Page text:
Emergency Lights – Standards and Applications

| September 28, 2011

We take electricity for granted, unaware of the fact that it plays such a vital role in our lives that it is almost impossible to get through the day smoothly without it. It is only when we’re in dark that we realize the importance of having light around us, especially during an emergency.

What can we rely on when the lights are out and there’s an emergency?

Emergency lighting comes in handy at the time of well, an emergency! Events when there’s a power outage and you have to quickly vacate a building during fire, poor weather conditions, natural disasters etc., Emergency lights become life savers.

Emergency Light & Emergency Lighting

Emergency Light is a battery powered lighting device that illuminates automatically when there is a power cut in a building.

Emergency Lighting is also called egress lighting and is required as a safety measure in commercial spaces when there’s a power outage. Emergency Lighting helps people find their way out of a building. Illuminated Exit signs are a part of Emergency Lighting.

 

Emergency Lights at Home

It is a well-established fact that most of the accidents happen at home. And in the absence of electricity the chances of these accidents increase. The kitchen, for example is one place that’s a store for all the hazardous materials. Stove, electrical appliances, electric chords can turn your house into ashes in no time. Similarly, your bathroom is a place that carries the danger of electricity and water together that may result in a short circuit. Kids tripping on chords, pets chewing electrical wires may all lead to a power failure. Moreover it’s not just the unfortunate events inside your house that may result in a power outage, accidents outside home like automobile accidents, falling trees can also disrupt electricity supply to an apartment or an entire block.

In all the above events, Emergency Lights at home becomes absolutely necessary.

 

Where should you keep Emergency Lights at home?

It is advisable to have one flashlight per member and extra batteries at home in case the old ones run out on power. Also, flashlights and battery operated lanterns should be kept near your bed. You may want to keep all the emergency supplies at one location but that’s probably not the best idea. If the room where emergency lights and other supplies are stored is inaccessible for some reason due to a crisis, you will not be able to use it. And what good is an Emergency Light if you can’t use it?

It is also important that you test your Emergency Lights at a regular interval and replace batteries of flashlights and other emergency lights when these are no longer working.

 

Emergency Lights at Workplace

Business centers, office complex and all other commercial spaces are required to have not only Emergency Lights but an effective Emergency Lighting System. Moreover, Emergency Lighting needs to be powered by either a generator or battery based backup supply. Emergency Lighting requirements are decided by the local building codes that are set by the National Fire Protection Agency (NFPA).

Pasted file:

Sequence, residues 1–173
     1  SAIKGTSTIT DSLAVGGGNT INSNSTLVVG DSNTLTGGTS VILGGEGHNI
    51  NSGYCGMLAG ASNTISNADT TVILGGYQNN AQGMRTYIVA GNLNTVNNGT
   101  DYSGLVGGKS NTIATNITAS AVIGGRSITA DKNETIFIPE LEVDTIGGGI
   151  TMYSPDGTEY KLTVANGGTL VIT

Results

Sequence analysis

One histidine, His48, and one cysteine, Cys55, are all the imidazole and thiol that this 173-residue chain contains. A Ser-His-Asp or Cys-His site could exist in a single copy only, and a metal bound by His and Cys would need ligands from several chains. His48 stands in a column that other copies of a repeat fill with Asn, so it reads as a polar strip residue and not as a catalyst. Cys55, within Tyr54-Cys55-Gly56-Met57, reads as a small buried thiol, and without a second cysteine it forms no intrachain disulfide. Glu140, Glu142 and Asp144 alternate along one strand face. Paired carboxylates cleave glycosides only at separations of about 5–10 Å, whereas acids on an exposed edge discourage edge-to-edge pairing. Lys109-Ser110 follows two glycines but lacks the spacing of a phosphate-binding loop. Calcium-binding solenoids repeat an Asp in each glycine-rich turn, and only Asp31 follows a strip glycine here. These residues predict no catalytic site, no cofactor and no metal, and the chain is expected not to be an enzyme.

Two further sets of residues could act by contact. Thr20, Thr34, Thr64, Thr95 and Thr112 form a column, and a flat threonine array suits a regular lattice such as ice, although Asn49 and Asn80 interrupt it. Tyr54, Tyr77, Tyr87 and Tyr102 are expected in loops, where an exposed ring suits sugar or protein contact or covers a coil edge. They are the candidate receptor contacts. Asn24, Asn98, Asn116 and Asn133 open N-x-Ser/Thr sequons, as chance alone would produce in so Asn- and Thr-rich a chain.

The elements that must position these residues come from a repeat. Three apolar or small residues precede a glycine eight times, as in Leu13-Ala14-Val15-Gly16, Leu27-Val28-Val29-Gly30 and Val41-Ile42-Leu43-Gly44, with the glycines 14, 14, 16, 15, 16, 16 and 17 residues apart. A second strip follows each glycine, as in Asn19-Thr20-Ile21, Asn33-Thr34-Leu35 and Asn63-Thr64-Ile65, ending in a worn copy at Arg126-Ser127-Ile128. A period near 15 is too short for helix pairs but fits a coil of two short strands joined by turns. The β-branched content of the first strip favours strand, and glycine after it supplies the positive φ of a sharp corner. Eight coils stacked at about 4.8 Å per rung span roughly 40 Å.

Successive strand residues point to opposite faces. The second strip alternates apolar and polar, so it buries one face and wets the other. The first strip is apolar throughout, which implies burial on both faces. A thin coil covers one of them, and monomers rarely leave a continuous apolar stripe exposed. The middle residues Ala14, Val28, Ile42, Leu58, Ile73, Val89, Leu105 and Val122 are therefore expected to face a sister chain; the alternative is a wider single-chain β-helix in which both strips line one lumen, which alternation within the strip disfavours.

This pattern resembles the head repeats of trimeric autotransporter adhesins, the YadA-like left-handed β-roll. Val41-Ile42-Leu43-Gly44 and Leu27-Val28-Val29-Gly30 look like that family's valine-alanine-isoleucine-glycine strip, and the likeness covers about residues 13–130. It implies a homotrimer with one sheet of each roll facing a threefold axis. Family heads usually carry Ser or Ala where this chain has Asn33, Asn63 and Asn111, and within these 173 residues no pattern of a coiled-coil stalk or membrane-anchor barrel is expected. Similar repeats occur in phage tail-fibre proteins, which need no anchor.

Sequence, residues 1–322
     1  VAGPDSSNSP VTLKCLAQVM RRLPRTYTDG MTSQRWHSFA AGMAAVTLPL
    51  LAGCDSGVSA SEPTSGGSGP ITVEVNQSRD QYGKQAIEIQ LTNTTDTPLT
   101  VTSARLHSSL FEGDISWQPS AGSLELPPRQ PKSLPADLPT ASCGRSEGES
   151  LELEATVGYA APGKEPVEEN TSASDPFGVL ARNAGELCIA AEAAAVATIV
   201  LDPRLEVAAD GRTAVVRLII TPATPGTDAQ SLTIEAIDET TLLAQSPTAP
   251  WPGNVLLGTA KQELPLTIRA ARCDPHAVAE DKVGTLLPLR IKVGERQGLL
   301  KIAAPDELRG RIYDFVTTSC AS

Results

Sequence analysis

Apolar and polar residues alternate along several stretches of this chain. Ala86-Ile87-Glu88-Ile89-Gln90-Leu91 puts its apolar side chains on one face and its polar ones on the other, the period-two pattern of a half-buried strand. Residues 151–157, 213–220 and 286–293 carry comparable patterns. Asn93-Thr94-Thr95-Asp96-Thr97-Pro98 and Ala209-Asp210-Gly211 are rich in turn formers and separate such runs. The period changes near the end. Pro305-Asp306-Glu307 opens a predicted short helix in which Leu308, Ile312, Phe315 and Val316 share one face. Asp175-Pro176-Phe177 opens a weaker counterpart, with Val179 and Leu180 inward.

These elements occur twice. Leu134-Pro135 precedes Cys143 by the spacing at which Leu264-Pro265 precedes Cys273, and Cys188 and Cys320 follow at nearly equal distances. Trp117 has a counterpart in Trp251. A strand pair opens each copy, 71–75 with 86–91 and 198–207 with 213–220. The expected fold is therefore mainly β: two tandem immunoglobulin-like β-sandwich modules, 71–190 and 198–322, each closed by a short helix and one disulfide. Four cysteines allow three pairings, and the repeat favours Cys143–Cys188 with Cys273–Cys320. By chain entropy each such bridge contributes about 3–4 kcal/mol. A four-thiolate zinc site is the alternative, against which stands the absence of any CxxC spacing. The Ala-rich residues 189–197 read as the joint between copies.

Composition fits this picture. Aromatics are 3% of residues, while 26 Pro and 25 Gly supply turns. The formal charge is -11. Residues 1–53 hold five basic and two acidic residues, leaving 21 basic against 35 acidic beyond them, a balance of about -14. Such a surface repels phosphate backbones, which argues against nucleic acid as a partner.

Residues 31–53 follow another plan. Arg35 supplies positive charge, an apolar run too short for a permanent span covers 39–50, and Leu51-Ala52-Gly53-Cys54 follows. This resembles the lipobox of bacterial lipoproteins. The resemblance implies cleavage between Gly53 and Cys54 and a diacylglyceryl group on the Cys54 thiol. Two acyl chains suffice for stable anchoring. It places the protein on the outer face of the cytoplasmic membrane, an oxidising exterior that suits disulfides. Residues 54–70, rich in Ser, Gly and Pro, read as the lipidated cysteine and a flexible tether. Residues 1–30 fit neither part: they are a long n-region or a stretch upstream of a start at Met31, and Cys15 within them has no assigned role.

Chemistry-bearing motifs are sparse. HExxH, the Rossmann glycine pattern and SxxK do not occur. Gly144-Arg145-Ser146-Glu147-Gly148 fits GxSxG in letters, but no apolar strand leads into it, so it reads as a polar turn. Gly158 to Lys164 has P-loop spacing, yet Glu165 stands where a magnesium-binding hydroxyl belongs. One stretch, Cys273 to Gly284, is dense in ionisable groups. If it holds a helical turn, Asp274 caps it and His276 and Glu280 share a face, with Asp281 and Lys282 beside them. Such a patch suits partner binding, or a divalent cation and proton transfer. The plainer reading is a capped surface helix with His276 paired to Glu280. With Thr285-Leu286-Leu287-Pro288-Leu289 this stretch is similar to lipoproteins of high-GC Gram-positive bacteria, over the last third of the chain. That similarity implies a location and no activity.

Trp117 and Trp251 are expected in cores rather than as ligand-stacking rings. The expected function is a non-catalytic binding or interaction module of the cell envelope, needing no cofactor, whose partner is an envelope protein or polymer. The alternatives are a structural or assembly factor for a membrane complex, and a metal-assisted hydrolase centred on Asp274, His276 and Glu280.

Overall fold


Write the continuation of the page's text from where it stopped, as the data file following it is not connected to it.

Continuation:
The NFPA 101 incorporates guidelines for Emergency Lighting and Egress Lighting or Emergency Exit Lights. Section 7.9.2.1 of the NFPA 101 dictates that Emergency Lighting must light up the area for at least 90 minutes after the disruption of the main power supply. The initial level of illumination during these 90 minutes should not drop below an average of 10.8 lux (1 foot candle) along the exit routes at the floor level.

The level of illumination in Emergency Lights at workplace is not allowed to drop below 6.5 lux (0.6 foot candle) at the end of 90 minutes at any point. Also, a uniformity ratio of 40:1 (maximum to minimum) should not be exceeded.

 

Testing of Emergency Lights at Workplace

Section 7.9.3.1 of NFPA 101 mandates all Emergency Lighting components to be tested using any one of the following three methods-

  • First method includes testing of components for 30 seconds at 30 day intervals.
  • Second method involves tests to be conducted every year for at least 1½ hours. This test is usually conducted for battery powered Emergency Lighting.
  • The third method allows self testing Emergency Lights to perform monthly and annual checks automatically.

It should be noted that before testing Emergency Lights at workplace, employees should be informed about it. Moreover, testing should ideally be done when the building is empty or when there’s minimum employee traffic.

 

Exit Signs at Workplace

Illuminated Exit Signs at workplace are an important part of Emergency Lighting System. Section 7.10 of the NFPA requires the word ‘EXIT’ to be displayed in 6 inches tall letters. The Exit Sign should provide 5 foot candles of illumination. The Sign must illuminate at all times when people are inside the building. The Exit Signs should have arrows indicating the way to Exit and be placed at all Exit doors and stairs.

Emergency Lighting is vital to your safety during unforeseen events. These humble Emergency Lights are your escape route when the worst happens.

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